Fellow Baldwin High School graduate Mike DerGarabedian, 50, of Old...

Fellow Baldwin High School graduate Mike DerGarabedian, 50, of Old Brookville, playfully locks up UFC middleweight champion Chris Weidman during an event to benefit Baldwin Middle School's sports programs. (Sept. 11, 2013) Credit: Tara Conry

Since winning the UFC middleweight championship from Anderson Silva in July, Baldwin native Chris Weidman has been traveling around the country for appearances.

But a cause close to his heart brought the 2002 Baldwin High School graduate to Rockville Centre on Wednesday night.

Inside the bar at Chadwick’s restaurant, Weidman, 29, spent three hours signing autographs, posing for photos and mingling with fans, fellow wrestlers and other Baldwin High School graduates. Each person paid $100 to spend the night with Weidman and do their part in saving the sports program at Baldwin Middle School.

When Weidman heard that all athletics at the school had been cut, including the wrestling, football and lacrosse programs that he participated in as a student of what was then known as Baldwin Junior High School, he wanted to help.

In junior high, Weidman said he discovered his passion for wrestling, and added, “I gained probably my biggest role model -- Mike Robinson, my junior high wrestling coach -- he inspired me.”

Weidman was soon on the phone with fellow alum Mike DerGarabedian, 50, of Old Brookville, who also wrestled for Baldwin High School. As a member of the 22-person Committee to Preserve Olympic Wrestling, DerGarabedian had spent the past seven months working with former wrestlers from around the country, including legends such as Dan Gable, to convince the International Olympic Committee to bring back Olympic wrestling. (The IOC announced Sunday that the sport would return with the 2020 games.)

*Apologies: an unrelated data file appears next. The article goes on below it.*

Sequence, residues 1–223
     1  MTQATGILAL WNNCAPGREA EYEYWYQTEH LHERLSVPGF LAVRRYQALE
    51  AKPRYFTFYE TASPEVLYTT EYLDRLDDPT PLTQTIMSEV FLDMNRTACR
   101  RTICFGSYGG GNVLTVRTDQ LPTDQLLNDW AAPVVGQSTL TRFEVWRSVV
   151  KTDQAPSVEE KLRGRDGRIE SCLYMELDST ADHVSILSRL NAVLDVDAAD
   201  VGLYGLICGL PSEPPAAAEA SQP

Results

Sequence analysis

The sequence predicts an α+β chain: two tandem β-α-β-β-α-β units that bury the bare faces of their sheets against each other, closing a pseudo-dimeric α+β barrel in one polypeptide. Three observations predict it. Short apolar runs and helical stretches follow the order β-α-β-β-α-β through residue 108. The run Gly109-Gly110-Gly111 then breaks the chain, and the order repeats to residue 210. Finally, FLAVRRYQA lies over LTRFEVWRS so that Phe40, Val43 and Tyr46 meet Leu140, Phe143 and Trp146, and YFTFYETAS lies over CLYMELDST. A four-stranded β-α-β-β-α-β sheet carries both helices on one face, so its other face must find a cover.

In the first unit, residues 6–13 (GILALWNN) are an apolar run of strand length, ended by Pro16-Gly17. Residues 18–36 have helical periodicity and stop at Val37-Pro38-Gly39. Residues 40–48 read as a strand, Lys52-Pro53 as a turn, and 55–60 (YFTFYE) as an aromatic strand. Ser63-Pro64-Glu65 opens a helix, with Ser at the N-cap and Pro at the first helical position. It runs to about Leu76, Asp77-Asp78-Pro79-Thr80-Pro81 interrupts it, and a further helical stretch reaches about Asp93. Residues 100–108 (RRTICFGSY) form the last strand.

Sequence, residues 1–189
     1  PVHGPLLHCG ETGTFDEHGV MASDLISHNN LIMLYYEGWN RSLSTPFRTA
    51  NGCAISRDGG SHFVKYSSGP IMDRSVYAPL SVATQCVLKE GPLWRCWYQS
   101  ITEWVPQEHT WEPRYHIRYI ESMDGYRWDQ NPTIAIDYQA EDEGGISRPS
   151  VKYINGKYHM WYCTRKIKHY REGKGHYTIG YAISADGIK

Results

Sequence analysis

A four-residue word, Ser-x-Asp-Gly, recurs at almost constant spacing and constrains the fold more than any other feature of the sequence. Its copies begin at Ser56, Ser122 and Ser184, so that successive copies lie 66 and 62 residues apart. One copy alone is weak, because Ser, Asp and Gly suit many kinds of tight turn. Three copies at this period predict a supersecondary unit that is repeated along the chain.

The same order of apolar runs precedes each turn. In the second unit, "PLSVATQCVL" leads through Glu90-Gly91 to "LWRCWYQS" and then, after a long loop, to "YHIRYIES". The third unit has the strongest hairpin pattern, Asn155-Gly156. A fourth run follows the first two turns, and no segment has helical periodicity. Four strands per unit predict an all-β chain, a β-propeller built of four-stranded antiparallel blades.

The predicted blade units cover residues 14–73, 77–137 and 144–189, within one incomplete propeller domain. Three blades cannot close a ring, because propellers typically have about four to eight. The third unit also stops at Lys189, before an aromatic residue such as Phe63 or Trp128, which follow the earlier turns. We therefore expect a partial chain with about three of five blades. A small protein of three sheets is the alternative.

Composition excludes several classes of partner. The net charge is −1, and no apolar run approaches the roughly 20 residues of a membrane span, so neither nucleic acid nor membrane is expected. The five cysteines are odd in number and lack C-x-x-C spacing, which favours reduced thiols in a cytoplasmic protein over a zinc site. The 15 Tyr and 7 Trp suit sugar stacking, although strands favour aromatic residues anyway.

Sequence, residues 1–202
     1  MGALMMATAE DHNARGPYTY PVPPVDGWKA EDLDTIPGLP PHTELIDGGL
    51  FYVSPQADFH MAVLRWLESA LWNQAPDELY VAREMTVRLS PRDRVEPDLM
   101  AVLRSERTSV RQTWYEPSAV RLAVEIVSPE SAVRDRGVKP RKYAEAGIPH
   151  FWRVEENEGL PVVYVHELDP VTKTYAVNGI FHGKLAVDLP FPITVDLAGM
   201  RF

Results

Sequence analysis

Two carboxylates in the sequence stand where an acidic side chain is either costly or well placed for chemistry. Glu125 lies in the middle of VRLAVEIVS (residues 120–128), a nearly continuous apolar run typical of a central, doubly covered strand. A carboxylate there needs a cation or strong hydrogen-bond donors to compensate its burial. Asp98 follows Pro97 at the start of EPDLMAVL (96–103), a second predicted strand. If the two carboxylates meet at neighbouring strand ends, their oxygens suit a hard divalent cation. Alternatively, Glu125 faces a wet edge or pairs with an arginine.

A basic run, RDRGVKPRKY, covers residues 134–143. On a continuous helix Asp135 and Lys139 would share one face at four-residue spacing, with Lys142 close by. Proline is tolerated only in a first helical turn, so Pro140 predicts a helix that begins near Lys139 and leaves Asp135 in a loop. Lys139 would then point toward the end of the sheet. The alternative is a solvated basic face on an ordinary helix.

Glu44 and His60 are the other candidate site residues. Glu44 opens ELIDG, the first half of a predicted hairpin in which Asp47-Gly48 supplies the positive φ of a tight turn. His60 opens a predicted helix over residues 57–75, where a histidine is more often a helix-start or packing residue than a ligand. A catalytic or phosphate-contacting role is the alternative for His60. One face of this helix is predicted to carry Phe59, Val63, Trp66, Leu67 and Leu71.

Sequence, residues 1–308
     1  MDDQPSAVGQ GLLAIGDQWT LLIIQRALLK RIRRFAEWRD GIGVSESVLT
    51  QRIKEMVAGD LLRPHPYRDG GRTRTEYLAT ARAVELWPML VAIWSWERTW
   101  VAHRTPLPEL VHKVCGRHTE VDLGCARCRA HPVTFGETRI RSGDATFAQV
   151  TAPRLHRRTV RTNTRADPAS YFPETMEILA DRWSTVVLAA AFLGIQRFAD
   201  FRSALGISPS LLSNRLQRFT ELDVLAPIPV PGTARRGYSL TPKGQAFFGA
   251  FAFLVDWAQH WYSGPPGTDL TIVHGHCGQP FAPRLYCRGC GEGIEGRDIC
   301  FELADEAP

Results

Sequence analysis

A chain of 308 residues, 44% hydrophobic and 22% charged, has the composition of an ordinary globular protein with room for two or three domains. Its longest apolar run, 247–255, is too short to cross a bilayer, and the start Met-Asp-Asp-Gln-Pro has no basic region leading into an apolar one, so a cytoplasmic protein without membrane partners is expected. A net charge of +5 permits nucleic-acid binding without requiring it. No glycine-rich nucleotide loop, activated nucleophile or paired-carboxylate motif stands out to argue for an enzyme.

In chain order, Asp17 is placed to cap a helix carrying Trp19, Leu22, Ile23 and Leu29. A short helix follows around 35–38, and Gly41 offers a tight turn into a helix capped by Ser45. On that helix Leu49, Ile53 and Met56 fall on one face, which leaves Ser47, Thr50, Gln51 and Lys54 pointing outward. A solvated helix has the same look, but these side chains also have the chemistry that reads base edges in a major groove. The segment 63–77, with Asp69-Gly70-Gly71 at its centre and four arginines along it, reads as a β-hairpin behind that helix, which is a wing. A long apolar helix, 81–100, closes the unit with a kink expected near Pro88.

“To me, getting the middle school program back was as important as getting wrestling back into the Olympics,” said DerGarabedian, a 1980 Baldwin High School graduate, lawyer and co-owner of Chadwick’s.

Watch Baldwin native Chris Weidman as he prepares to fight UFC middleweight champion Anderson Silva at UFC 162 in Las Vegas. Videojournalists: Mario Gonzalez and Mark La Monica (July 6, 2013)

Weidman and DerGarabedian decided to each cut a check to cover the costs for the wrestling program this year, but school officials told them that they couldn’t just save one sport. So in addition to each donating $5,000, they organized the event at DerGarabedian’s restaurant to raise the additional funds.

To bring back boys and girls basketball, wrestling and girls volleyball for the winter, they need to raise about $34,000 by the deadline, Oct. 1, according to Baldwin Athletics Director Ed Ramirez.

Ramirez said the middle school athletics program is essential to developing student-athletes’ skills.

“We don’t get the high school athletes and the stars and college scholarships without it,” he said. “It’s really the roots to our programs.”

Ramirez also said the programs help students stay out of trouble.

“That’s a very crucial age in the development of young men and women,” he said. “We want to make sure we give them opportunities where they can funnel their time and energy into areas that are positive.”

Weidman admitted that as a middle school student, he was not passionate about his studies, but said having to make certain grades to play sports kept him focused. He received his undergraduate and masters’ degree from Hofstra University while also earning All-American status as a wrestler.

Baldwin Middle School Principal Tim Maher said he was touched that Weidman and DerGarabedian were donating their time and resources to help his students.

“It says so much about the people of Baldwin. They give so much and remember where they came from,” Maher said. “It’s absolutely making a difference for our kids.”

Although school has only been in session for a week, Maher said he’s noticed it’s been too quiet once the dismissal bell rings in the afternoon. He’s hoping that will change.

Weidman added, “We just want these kids to have the same opportunities we had, because it did a lot for us.”

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